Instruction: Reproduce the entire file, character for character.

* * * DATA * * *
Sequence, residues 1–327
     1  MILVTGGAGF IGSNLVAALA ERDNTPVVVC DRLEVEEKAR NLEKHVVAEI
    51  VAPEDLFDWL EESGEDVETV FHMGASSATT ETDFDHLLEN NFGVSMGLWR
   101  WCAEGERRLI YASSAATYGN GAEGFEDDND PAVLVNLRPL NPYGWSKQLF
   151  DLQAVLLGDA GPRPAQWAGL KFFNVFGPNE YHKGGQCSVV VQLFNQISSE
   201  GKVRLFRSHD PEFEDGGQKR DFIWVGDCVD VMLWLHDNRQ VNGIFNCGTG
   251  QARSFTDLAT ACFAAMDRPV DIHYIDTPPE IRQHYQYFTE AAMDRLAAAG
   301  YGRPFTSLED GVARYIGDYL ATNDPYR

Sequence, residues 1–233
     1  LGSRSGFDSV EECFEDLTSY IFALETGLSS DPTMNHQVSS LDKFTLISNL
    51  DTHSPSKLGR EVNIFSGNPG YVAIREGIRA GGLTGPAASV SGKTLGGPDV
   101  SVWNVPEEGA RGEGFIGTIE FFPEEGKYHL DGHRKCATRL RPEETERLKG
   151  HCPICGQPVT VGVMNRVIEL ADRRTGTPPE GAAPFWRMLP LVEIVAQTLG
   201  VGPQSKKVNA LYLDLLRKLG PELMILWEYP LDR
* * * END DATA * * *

Sequence, residues 1–327
     1  MILVTGGAGF IGSNLVAALA ERDNTPVVVC DRLEVEEKAR NLEKHVVAEI
    51  VAPEDLFDWL EESGEDVETV FHMGASSATT ETDFDHLLEN NFGVSMGLWR
   101  WCAEGERRLI YASSAATYGN GAEGFEDDND PAVLVNLRPL NPYGWSKQLF
   151  DLQAVLLGDA GPRPAQWAGL KFFNVFGPNE YHKGGQCSVV VQLFNQISSE
   201  GKVRLFRSHD PEFEDGGQKR DFIWVGDCVD VMLWLHDNRQ VNGIFNCGTG
   251  QARSFTDLAT ACFAAMDRPV DIHYIDTPPE IRQHYQYFTE AAMDRLAAAG
   301  YGRPFTSLED GVARYIGDYL ATNDPYR

Sequence, residues 1–233
     1  LGSRSGFDSV EECFEDLTSY IFALETGLSS DPTMNHQVSS LDKFTLISNL
    51  DTHSPSKLGR EVNIFSGNPG YVAIREGIRA GGLTGPAASV SGKTLGGPDV
   101  SVWNVPEEGA RGEGFIGTIE FFPEEGKYHL DGHRKCATRL RPEETERLKG
   151  HCPICGQPVT VGVMNRVIEL ADRRTGTPPE GAAPFWRMLP LVEIVAQTLG
   201  VGPQSKKVNA LYLDLLRKLG PELMILWEYP LDR